The US Bureau of Labor Statistics announced today that the Consumer Price Index for all items rose 0.6% in January. For electricity specifically, the index rose an alarming 4.2%. Between January 2021 and January 2022, the energy index increased 27.0% (figure 1).

Figure 1: Consumer Price Index 12-month percentage change, not seasonally adjusted

Between January 2021 and January 2022, indexes for all consumer categories increased. But energy saw a meteoric rise, up 27.0%. The gasoline index rose 40.0%, natural gas 23.9%, and electricity 10.7%.
Bar chart showing that the consumer price index for all items was up 7.5%, for food, it was up 7%, for energy, 27%, and for all items less food and energy, 6%.

For customers who were already struggling to regain income they lost during the pandemic, this is especially bad news.

Gifting energy year-round

Last week, we wrote about our end-of-year donations to four organizations that help low-income residents pay their energy bills. One of these groups, Energy Outreach Colorado, encourages Coloradans to help their struggling neighbors cover energy costs by donating monthly through their utility bill.

Through their gift-of-energy programs, some utilities offer the same service, allowing customers to pay some or all of a friend’s or family member’s energy bill.

Just in time for Valentine’s Day, we look at the common features of gift-of-energy programs, talk to We Energies about its gifting program, and suggest ways to market such a program at your utility.

Gift-of-energy program basics

Most gift-of-energy programs share these characteristics:

  • To participate, gift-givers are often required to mail in a check or money order along with a completed paper form. Until it canceled its program in January 2022, ComEd allowed people to buy gift certificates online or by phone using a credit or debit card.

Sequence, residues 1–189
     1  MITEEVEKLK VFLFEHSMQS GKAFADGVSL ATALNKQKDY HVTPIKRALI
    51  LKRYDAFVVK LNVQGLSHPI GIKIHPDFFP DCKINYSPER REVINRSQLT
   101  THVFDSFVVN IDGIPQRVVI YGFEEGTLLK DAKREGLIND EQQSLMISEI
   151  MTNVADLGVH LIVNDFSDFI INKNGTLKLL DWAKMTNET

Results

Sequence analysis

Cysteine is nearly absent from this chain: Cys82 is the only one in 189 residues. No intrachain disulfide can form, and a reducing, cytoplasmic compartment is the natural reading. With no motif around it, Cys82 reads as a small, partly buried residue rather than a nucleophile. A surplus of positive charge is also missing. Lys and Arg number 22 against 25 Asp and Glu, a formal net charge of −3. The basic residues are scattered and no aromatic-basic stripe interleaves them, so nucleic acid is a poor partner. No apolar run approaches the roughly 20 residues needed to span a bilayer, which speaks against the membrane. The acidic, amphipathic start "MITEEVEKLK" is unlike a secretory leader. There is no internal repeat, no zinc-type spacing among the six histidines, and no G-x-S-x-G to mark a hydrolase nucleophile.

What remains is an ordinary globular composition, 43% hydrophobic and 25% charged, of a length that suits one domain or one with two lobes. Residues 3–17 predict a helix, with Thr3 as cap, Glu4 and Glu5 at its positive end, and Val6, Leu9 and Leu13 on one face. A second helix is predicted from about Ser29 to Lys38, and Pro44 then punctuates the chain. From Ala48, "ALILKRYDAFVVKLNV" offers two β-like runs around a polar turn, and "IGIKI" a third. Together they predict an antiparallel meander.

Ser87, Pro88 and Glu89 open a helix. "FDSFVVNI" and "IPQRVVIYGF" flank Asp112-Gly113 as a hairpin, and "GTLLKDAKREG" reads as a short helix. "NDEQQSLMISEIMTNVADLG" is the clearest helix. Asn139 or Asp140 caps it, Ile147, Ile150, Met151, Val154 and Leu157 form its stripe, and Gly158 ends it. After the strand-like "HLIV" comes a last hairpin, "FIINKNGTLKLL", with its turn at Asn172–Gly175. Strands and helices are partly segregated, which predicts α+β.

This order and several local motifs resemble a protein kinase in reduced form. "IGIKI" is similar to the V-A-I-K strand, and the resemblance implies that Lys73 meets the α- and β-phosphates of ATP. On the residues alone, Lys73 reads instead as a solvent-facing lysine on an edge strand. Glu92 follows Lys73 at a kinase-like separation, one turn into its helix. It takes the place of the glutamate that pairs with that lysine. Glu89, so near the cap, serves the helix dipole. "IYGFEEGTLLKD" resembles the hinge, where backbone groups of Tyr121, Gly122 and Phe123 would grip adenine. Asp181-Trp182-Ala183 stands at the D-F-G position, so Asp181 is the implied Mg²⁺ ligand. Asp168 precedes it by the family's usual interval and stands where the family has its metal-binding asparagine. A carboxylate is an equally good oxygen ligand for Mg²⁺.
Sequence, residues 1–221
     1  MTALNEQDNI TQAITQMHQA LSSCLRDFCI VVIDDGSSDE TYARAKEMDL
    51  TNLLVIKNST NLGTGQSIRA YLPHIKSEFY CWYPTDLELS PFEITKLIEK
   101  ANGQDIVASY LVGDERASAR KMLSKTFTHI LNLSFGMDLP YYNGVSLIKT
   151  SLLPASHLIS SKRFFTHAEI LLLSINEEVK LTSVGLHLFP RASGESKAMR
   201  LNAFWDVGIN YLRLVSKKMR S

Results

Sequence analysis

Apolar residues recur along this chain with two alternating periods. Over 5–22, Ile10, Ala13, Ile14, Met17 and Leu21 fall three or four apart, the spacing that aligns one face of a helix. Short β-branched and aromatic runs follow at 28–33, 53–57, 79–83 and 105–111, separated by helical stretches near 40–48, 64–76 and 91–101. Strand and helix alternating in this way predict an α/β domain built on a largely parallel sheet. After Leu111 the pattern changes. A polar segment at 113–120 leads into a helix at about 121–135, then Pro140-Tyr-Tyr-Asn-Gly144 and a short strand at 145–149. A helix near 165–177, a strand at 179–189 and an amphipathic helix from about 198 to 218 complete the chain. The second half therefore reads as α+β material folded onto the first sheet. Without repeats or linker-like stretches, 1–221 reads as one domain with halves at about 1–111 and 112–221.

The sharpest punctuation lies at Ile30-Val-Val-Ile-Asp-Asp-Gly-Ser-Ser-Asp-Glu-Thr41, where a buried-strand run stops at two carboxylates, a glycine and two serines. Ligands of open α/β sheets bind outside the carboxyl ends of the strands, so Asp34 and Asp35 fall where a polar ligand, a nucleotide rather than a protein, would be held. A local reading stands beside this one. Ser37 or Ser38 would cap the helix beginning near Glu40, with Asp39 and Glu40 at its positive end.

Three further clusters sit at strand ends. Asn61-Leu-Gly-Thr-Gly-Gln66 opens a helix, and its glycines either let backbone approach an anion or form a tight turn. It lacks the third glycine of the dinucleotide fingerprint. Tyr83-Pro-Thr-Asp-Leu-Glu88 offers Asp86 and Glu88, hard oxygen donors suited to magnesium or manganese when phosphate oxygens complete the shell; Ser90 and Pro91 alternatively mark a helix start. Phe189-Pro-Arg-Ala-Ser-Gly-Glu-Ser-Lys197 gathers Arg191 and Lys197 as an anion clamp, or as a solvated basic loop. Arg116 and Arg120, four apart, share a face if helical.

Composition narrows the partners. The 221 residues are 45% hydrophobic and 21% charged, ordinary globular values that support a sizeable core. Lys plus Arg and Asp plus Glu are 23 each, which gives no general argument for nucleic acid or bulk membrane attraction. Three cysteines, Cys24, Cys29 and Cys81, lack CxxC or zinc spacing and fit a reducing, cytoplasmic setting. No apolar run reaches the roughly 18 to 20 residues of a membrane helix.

• Most programs require the giver to provide the recipient’s name and address. Some also ask for the recipient’s utility account number, but they don’t require this information to participate.
  • Utilities typically apply the gift directly to the bill as a credit, without requiring the recipient to take additional action.
  • Most utilities process the payments directly, though some use a third party. For its gift certificate program, Alliant Energy requires the payer to make the gift through Alliant Credit Union, which isn’t owned or operated by the utility or any of its subsidiaries. Using the mail or a third party could be a way to achieve Payment Card Industry (PCI) compliance with limited effort.
  • Gift-givers can choose whether the utility mails the gift certificate directly to the recipient or to the giver.
  • Most programs allow anonymous gifts, but some, like Xcel Energy’s gift certificate program, allow the giver to include a personalized message with the mailed certificate.
  • Unless a third party is involved, gift-of-energy programs generally don’t charge a processing fee.

Focus on We Energies’ Gift of Energy program

We spoke with Tim Craft, services manager for customer programs at We Energies, about the Gift of Energy program he runs for We Energies and WPS. In a typical year, the utility processes 20 to 30 gift certificates each month with a nearly sevenfold spike during November and December. Participation grew in 2020, presumably because of the COVID-19 pandemic. The utility’s COVID-19 updates and resources page includes a link to the Gift of Energy program page under the heading “Supporting our community and each other.”